Ahmad Khan Rahami: Federal charges filed against New York and New Jersey bomb suspect

Rahami faces four charges related to the alleged bombings, including use of weapons of mass destruction – court documents also reveal he allegedly purchased bomb components on eBay

Feliks Garcia
New York
Tuesday 20 September 2016 23:56
<em>AP</em>
AP

Federal authorities have filed charges against the man suspected in the series of executed and attempted bombings in New York and New Jersey.

Ahmad Khan Rahami, 28, faces four charges, including use of weapons of mass destruction, bombing a place of public use, destruction of property by means of fire or explosive, and use of a destructive device during and in furtherance of a crime of violence.

The charges were filed late Tuesday in a federal court in Manhattan.

Rahami was apprehended Monday afternoon following a shootout with police in Linden, New Jersey, two days after a bomb went off and injured 29 people in New York's Chelsea neighbourhood.

Court documents lay out a timeline of incidents, which begins at 9.35 am before a 5K run in Seaside Park, New Jersey, 11 hours before the "23rd Street Bomb" detonated in Manhattan, and expanding to the bomb found at an Elizabeth train station.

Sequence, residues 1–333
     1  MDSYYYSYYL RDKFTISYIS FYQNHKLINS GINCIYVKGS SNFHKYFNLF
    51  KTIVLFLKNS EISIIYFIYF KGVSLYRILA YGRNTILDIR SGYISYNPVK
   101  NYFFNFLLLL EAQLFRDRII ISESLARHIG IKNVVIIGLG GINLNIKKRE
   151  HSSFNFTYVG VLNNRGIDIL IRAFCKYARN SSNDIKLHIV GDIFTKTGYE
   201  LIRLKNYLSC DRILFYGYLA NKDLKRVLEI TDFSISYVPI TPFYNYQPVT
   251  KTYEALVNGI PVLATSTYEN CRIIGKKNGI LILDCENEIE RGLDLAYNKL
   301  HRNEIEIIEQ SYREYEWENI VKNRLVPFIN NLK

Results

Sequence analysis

The complaint also goes over evidence that led investigators to Rahami, including fingerprints found on an undetonated pressure cook a few blocks north of the Chelsea explosion ("27th Street Bomb"). Investigators say Rahami used the online auction site eBay to purchase many of the bomb components, including chemicals found in improvised explosives – like citric acid – circuit boards, and triggering devices. Rahami allegedly made the orders with the username "ahmad rahami" between June and August of this year.

Rahami also faces attempted charges in connection to his shootout with police.

Source: Graphiq

The federal charges come after Rahami's father, Mohammad Rahami, told the press about his 2014 suspicions about his son.

“Two years ago I go to the FBI because my son was doing really bad, O.K.?” Mr Rahami said. “But they check almost two months, they say, ‘He’s OK, he’s clean, he’s not a terrorist.’ I say 'OK'."

"Now they say he is a terrorist," he added. "I say 'OK'.”

The New York Times confirmed Mr Rahami's account with officials, who said the investigation ended when he withdrew his accusations.

Now investigators are looking into recent trips Rahami – a naturalised US citizen – took to Afghanistan and Pakistan between 2013 and 2014. He passed multiple screenings upon re-entrance to the US.

But a friend of his told the Boston Herald that he seemed different when he returned from his trips.

"At one point he left to go to Afghanistan, and two years ago he came back, popped up out of nowhere and he was real religious," Flee Jones said. "And it was shocking. I'm trying to understand what's going on. I've never seen him like this."

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